Spend a few hours searching on databases of the independent, non-partisan Center for Responsive Politics ( and their related political money database ( and you will find some revealing trends in donations to federal candidates and political committees by residents of Cecil County, MD. This is a very reputable operation, which parses Federal Elections Commission data into a more user-friendly format. [But our research found a significant glitch in reporting of donations from one zip code in Cecil County—based on a repeated entry with a mis-placed comma. We advised CRP of our findings and await their correction of the database.]

    Nevertheless, the data show some interesting trends in how Cecil County residents are voting with their wallets this year, in comparison with the last time there was a presidential and Congressional election in 2004.

    The undeclared recession may be having an impact on political donations from Cecil County. In most zip codes, donations are down. The currently available data, however, compares full election cycle donations of 2004 with the not-yet-over cycle of this 2008 election year. There could be last-minute donations before the November election that would skew the numbers. But the economy was a lot better four years ago and by this close to the election time-frame, most donors have already opened their wallets this year and may be holding on to their scarce dollars in the next few weeks.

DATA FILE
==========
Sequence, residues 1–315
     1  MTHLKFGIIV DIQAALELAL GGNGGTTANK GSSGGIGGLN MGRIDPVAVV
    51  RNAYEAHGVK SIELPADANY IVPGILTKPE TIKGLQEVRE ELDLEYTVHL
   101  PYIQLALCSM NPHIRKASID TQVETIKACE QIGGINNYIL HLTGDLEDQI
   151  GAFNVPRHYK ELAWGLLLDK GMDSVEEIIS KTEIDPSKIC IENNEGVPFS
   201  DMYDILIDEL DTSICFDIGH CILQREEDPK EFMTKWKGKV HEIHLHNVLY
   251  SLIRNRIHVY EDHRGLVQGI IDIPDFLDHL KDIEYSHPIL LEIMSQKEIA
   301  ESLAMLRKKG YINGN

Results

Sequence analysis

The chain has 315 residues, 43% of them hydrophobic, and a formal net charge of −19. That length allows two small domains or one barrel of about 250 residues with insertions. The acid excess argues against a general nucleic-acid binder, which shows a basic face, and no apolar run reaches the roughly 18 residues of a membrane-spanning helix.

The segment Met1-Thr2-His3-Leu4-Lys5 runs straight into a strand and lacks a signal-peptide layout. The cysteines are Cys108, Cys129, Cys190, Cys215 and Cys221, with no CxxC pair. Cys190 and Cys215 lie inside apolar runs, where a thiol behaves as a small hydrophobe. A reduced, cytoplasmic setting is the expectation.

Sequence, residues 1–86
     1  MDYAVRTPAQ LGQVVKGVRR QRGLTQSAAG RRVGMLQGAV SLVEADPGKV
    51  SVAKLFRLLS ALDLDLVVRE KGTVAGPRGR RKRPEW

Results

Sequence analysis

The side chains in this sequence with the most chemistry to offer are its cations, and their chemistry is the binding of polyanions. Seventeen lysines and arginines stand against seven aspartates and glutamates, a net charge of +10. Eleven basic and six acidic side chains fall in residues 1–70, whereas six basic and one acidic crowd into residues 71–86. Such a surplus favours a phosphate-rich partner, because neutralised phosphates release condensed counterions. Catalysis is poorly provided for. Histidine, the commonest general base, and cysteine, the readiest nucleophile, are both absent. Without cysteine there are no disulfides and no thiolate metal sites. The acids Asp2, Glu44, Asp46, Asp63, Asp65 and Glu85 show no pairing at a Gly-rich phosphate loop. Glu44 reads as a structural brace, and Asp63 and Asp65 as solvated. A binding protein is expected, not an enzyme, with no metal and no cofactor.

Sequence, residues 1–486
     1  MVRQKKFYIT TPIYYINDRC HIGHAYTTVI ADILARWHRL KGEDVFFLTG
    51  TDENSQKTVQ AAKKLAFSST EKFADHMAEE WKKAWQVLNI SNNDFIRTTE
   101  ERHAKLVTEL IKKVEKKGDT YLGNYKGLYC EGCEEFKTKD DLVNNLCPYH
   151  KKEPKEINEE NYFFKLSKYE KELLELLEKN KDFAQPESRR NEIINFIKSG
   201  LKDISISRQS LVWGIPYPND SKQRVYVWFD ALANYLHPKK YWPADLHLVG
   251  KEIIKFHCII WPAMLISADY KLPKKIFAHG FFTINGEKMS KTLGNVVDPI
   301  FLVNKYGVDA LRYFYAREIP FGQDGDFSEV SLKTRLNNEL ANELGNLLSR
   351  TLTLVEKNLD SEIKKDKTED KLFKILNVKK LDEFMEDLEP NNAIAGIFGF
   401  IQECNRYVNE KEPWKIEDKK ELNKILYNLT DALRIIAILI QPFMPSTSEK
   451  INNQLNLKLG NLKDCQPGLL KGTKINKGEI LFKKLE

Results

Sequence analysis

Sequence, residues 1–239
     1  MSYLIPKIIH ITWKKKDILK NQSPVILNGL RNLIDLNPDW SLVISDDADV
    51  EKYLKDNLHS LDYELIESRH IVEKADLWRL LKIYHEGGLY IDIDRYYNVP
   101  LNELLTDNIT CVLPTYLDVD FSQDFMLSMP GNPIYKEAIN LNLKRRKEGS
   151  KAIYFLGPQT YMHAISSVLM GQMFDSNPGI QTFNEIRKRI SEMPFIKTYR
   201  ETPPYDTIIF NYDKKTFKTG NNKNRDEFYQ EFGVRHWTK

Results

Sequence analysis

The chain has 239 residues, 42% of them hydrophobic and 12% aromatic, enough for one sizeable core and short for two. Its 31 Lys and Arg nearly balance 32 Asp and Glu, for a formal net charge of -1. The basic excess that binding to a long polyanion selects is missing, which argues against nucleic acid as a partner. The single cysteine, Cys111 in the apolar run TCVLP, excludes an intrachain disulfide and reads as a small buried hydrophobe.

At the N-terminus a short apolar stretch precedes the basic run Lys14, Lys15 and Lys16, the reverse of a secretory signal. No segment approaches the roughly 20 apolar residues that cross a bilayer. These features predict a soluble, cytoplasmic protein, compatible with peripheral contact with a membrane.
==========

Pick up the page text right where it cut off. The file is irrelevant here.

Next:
Not surprisingly, federal campaign donations in Cecil County tend to go for Republican candidates and political party committees. So far this year, county-wide total donations to federal candidates and committees amount to $135,579, with Democrats garnering just 23 percent of donations, compared to Republicans’ 77 percent.

   In most Cecil County zip codes, donations so far this year are down from the 2004 presidential year. For example, in the Rising Sun zip code (21911) donations to all federal candidates and committees were $11,850 in 2004, but so far this year donations are down to $8,185. In the general Elkton zip of 21921, federal donations were $35,539 in 2004, but this year amount to $31,342 so far.

    One of the more interesting areas, the Chesapeake City zip code (21915) shows an increase in donations this year, with some fascinating twists. Republican Congressional candidate Andy Harris, seeking the 1st District seat, received $3,300